'Flashdance' director Adrian Lyne remembers seeing future star Jennifer Beals for the first time: 'F***, she's beautiful'

Filmmaker had plenty of doubts about "totally absurd" dance movie before it became of 1983's biggest — and unlikeliest — hits.

FLASHDANCE, Jennifer Beals, 1983, (c) Paramount/courtesy Everett Collection
Jennifer Beals in Flashdance. (Photo: Paramount/Courtesy Everett Collection)

Adrian Lyne hadn’t watched Flashdance in ages. As he admits, it has been at least 15 years since he screened the unlikely 1983 hit film starring Jennifer Beals as a Pittsburgh steelworker who chases her ballet dreams.

“I did see the movie a couple days ago, and I was less embarrassed than I thought I would be,” admits Lyne, 82, in a new interview with Yahoo Entertainment ahead of the film's 40th anniversary and new 4K Ultra HD Blu-ray release. “I thought it was actually quite fun. But most of all I was pleased about Jennifer Beals, cause I think that she has a sort of a vulnerable quality that pulled it off. I mean it was always a fairytale story.”

Although released to mixed reviews on April 15, 1983, Flashdance won over audiences from the moment Irene Cara’s Oscar-winning pump-up jam “Flashdance… What a Feeling” played over the opening credits.

But Lyne had qualms from the get-go.

A successful commercial director known for his stylistic flourish in his native U.K., Lyne had only helmed one feature film (the 1980 coming-of-ager Foxes with Jodie Foster and Scott Baio) before being offered Flashdance after more established directors David Cronenberg and Brian De Palma passed on the project. Lyne initially balked. In fact he turned it down multiple times before finally relenting.

“I thought the idea was a little slim,” he says, particularly when it came to the film’s implausible premise: a beautiful 18-year-old aspiring ballerina who spends her days as a welder (and seemingly the only female) at the local steel mill and nights onstage as an exotic dancer.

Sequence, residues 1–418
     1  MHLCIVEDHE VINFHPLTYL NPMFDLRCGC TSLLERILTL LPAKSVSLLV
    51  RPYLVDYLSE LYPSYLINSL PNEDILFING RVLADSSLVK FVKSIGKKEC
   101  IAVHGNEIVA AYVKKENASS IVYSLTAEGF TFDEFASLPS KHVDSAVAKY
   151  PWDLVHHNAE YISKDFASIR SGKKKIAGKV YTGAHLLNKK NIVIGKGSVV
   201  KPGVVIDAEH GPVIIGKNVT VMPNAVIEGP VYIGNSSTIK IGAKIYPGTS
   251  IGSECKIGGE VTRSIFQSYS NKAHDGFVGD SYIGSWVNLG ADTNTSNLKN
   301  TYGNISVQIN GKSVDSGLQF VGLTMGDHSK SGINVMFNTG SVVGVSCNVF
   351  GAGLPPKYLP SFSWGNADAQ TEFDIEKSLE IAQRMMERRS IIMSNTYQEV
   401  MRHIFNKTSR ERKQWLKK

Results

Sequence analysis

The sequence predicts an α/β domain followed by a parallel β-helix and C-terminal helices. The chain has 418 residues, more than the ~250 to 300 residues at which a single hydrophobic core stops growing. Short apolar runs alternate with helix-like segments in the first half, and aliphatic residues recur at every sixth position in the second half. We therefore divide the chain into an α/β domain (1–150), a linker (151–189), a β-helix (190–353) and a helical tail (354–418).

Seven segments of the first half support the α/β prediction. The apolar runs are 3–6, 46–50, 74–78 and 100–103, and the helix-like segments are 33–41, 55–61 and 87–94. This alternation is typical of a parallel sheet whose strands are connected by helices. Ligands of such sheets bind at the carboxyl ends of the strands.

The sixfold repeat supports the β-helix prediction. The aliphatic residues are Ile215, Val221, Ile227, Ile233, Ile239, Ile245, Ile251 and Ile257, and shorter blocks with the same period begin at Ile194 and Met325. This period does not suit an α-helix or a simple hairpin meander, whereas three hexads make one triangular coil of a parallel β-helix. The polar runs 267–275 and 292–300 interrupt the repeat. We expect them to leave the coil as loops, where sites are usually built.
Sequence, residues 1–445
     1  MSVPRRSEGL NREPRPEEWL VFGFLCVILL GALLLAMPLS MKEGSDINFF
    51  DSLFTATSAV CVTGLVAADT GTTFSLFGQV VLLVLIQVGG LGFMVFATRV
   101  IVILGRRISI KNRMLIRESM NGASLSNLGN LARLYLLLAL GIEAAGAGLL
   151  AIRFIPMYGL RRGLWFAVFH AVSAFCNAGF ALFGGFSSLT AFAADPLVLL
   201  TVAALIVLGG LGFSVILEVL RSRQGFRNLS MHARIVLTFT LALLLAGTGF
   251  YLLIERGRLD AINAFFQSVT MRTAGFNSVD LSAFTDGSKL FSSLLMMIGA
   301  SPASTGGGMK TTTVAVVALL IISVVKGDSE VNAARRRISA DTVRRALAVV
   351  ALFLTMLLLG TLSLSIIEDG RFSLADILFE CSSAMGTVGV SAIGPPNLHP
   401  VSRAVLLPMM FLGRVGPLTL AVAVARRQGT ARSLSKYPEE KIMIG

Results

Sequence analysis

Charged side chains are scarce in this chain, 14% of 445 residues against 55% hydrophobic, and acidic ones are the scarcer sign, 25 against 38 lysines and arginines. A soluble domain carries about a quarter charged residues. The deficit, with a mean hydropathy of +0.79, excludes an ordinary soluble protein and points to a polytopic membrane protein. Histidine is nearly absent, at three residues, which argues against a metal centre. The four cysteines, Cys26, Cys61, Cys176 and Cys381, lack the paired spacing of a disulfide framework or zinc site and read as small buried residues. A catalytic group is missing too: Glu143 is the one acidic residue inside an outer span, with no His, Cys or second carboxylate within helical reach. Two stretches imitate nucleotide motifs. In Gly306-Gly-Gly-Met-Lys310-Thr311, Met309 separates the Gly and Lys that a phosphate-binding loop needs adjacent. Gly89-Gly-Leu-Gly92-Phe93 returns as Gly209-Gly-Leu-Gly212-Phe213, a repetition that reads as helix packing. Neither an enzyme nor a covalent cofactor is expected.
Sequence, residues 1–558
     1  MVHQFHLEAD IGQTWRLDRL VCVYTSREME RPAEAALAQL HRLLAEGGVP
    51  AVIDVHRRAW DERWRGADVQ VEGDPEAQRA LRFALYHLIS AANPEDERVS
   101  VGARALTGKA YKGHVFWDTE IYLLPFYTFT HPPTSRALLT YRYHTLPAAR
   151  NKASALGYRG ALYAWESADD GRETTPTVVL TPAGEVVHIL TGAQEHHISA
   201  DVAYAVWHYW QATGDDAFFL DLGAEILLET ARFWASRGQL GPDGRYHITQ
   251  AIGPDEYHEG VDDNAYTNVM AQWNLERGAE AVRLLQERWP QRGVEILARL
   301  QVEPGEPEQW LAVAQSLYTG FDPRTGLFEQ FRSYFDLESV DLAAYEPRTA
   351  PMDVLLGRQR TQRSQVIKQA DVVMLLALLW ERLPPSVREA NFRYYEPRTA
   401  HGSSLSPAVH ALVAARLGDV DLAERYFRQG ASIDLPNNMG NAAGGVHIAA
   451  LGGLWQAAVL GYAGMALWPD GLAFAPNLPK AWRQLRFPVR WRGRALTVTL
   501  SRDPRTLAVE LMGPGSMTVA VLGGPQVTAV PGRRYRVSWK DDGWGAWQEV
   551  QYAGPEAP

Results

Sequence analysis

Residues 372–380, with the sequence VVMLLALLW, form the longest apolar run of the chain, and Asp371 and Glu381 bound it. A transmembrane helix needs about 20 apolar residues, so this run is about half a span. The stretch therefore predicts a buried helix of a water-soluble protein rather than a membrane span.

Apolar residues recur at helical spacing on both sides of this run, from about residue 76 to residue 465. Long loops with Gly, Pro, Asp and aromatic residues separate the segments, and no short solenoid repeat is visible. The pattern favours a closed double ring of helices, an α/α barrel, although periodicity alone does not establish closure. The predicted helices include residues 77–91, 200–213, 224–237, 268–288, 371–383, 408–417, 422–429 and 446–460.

“It's totally absurd. It's totally absurd,” Lyne says. “Of course it is. But we got away with it.”

At the time, Lyne was angling to direct Starman, the 1984 sci-fi drama starring Jeff Bridges, but the gig went to John Carpenter instead. “I wasn’t getting the things I wanted to do,” he confesses. “And so I thought, ‘Well, s***, I'll try and make the dances interesting and do something with it. I’ll try to give it some energy.”

FLASHDANCE, Jennifer Beals, director Adrian Lyne on set, 1983, (c) Paramount/courtesy Everett Collection
Adrian Lyne with star Jennifer Beals on the set of Flashdance. (Photo: Paramount/Courtesy Everett Collection)

What energized Lyne after he reluctantly took the job was discovering Beals, a Chicago native who was only 17 at the time and, outside of an uncredited appearance in John Cusack’s 1980 debut My Bodyguard, had virtually no on-set experience. “I remember seeing her [for the first time] and thought, ‘F***, she's beautiful.’ And she had a very vulnerable quality,” Lyne recalls. The director immediately pleaded to producer Don Simpson, who began his storied partnership with Jerry Bruckheimer on Flashdance. “God, you’ve gotta see this girl,” Lyne recalls telling Simpson. “She’s marvelous.”